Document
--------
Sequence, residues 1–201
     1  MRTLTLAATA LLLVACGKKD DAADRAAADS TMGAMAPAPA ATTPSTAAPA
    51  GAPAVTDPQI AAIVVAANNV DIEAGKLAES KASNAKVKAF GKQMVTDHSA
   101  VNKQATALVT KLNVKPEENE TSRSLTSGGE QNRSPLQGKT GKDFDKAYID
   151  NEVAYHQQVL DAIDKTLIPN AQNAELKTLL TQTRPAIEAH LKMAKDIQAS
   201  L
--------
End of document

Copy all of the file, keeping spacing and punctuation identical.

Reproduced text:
Sequence, residues 1–201
     1  MRTLTLAATA LLLVACGKKD DAADRAAADS TMGAMAPAPA ATTPSTAAPA
    51  GAPAVTDPQI AAIVVAANNV DIEAGKLAES KASNAKVKAF GKQMVTDHSA
   101  VNKQATALVT KLNVKPEENE TSRSLTSGGE QNRSPLQGKT GKDFDKAYID
   151  NEVAYHQQVL DAIDKTLIPN AQNAELKTLL TQTRPAIEAH LKMAKDIQAS
   201  L